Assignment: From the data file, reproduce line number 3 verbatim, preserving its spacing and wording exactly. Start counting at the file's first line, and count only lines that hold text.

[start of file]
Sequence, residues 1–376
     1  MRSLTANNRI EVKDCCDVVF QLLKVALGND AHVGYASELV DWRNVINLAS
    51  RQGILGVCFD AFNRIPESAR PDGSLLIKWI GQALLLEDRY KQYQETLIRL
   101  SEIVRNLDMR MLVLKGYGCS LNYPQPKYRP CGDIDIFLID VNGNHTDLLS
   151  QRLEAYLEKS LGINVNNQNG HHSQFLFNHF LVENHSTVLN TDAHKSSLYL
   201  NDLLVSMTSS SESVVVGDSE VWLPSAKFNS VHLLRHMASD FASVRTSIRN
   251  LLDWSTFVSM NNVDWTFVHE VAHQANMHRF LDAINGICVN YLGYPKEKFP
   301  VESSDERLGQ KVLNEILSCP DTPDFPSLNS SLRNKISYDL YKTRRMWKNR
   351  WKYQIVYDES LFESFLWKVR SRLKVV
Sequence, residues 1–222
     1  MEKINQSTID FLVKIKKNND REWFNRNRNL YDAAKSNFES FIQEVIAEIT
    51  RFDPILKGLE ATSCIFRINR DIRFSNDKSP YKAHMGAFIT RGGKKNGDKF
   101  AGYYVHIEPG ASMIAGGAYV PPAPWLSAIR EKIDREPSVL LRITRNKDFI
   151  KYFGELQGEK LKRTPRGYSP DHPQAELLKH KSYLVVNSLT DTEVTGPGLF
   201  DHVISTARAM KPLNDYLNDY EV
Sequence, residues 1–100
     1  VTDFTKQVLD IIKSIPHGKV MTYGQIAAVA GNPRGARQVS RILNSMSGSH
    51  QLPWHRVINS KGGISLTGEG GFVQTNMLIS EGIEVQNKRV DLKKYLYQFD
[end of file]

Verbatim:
    51  RQGILGVCFD AFNRIPESAR PDGSLLIKWI GQALLLEDRY KQYQETLIRL